How Do You Know When To Get Professional Help?
A child or adolescent who appears to be depressed and exhibits ADHD-like symptoms that are severe--excessive temper outbursts and mood changes--should be evaluated by a psychiatrist or psychologist with experience in bipolar disorder. This evaluation is especially important since psychostimulant medication, often prescribed for ADHD, may worsen manic symptoms. There is also limited evidence suggesting that some of the symptoms of ADHD may be a forerunner of full-blown mania.
How Common is Bipolar Disorder in Children and Adolescents?
Findings from a National Institute of Mental Health-supported study suggest that bipolar disorder may be at least as common among youth as among adults. In this study, 1% of adolescents ages 14 to 18 were found to have met criteria for bipolar disorder or cyclothymia (a similar but milder condition) in their lifetime. In addition, close to 6% of adolescents in the study had experienced a distinct period of abnormally and persistently elevated, expansive, or irritable mood even though they never met full criteria for bipolar disorder or cyclothymia.
Compared to adolescents with a history of major depressive disorder and to a never-mentally-ill group, both the teens with bipolar disorder and those with subclinical symptoms had greater functional impairment and higher rates of c-occurring mental disorders (especially anxiety and disruptive behavior disorders), suicide attempts, and mental health services utilization. This study highlights the need for improved recognition, treatment, and prevention of even the milder and subclinical cases of bipolar disorder in adolescence.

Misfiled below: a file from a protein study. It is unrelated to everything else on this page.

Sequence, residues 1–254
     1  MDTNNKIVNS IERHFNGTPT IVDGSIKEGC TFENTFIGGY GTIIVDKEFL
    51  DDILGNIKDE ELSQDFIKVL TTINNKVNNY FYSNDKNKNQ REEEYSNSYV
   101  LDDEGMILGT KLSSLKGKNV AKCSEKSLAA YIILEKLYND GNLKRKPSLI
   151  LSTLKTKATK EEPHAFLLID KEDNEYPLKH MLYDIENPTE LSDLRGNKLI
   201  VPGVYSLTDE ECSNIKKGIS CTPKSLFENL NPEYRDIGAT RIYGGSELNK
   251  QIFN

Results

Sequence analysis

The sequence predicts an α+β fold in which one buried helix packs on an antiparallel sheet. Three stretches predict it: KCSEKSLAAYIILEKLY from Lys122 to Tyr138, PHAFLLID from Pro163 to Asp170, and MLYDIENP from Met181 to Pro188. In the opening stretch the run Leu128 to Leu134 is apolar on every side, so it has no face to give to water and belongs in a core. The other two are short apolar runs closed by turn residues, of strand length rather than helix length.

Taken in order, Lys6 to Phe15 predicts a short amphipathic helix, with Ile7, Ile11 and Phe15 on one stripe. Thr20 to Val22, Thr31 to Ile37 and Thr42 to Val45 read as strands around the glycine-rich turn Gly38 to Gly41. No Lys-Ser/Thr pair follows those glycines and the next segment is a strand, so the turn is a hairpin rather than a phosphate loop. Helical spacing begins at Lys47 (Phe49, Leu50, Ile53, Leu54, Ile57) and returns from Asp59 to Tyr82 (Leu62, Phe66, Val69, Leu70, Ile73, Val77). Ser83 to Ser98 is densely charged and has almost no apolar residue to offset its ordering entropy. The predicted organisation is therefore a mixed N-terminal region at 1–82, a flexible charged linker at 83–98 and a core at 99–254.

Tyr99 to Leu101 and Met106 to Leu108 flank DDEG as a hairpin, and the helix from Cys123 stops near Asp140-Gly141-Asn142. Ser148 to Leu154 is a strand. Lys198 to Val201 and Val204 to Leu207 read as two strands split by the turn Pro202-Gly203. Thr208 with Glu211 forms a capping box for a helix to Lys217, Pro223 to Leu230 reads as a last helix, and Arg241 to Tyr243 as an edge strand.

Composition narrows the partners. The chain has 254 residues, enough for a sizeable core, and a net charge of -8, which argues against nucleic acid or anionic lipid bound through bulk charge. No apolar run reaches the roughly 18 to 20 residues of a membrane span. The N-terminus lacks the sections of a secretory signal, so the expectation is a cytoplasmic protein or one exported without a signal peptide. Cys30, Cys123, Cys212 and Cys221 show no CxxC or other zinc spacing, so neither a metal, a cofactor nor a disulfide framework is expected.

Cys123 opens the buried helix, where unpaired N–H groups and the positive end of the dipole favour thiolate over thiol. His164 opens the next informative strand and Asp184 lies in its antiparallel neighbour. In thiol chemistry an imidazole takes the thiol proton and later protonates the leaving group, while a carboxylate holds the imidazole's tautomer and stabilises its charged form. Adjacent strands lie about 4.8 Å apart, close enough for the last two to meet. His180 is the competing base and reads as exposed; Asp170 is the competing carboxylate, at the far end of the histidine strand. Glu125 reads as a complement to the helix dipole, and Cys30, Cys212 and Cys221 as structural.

Effective treatment depends on appropriate diagnosis of bipolar disorder in children and adolescents. The essential treatment for this disorder in adults involves the use of appropriate doses of mood stabilizers, most typically lithium and/or valproate, which are often very effective for controlling mania and preventing recurrences of manic and depressive episodes. Research on the effectiveness of these and other medications in children and adolescents with bipolar disorder is ongoing. In addition, studies are investigating various forms of psychotherapy, including cognitive-behavioral therapy, to complement medication treatment for this illness in young people.
The National Institute of Mental Health (NIMH) is attempting to fill in the current gaps in treatment knowledge with carefully designed studies involving children and adolescents with bipolar disorder. Data from adults do not necessarily apply to younger patients because the differences in development may have implications for treatment efficacy and safety.
Current multi-site studies funded by NIMH are investigating the value of long-term treatment with lithium and other mood stabilizers in preventing recurrence of bipolar disorder in adolescents. Specifically, these studies aim to determine how well lithium and other mood stabilizers prevent recurrences of mania or depression and control subclinical symptoms in adolescents; to identify factors that predict outcome; and to assess side-effects and overall adherence to treatment.
Another NIMH-funded study is evaluating the safety and efficacy of the medication valproate for treatment of acute mania in children and adolescents, and also is investigating the biological correlates of treatment response. Other NIMH-supported investigators are studying the effects of antidepressant medications added to mood stabilizers in the treatment of the depressive phase of bipolar disorder in adolescents.
Source: National Institute of Mental Health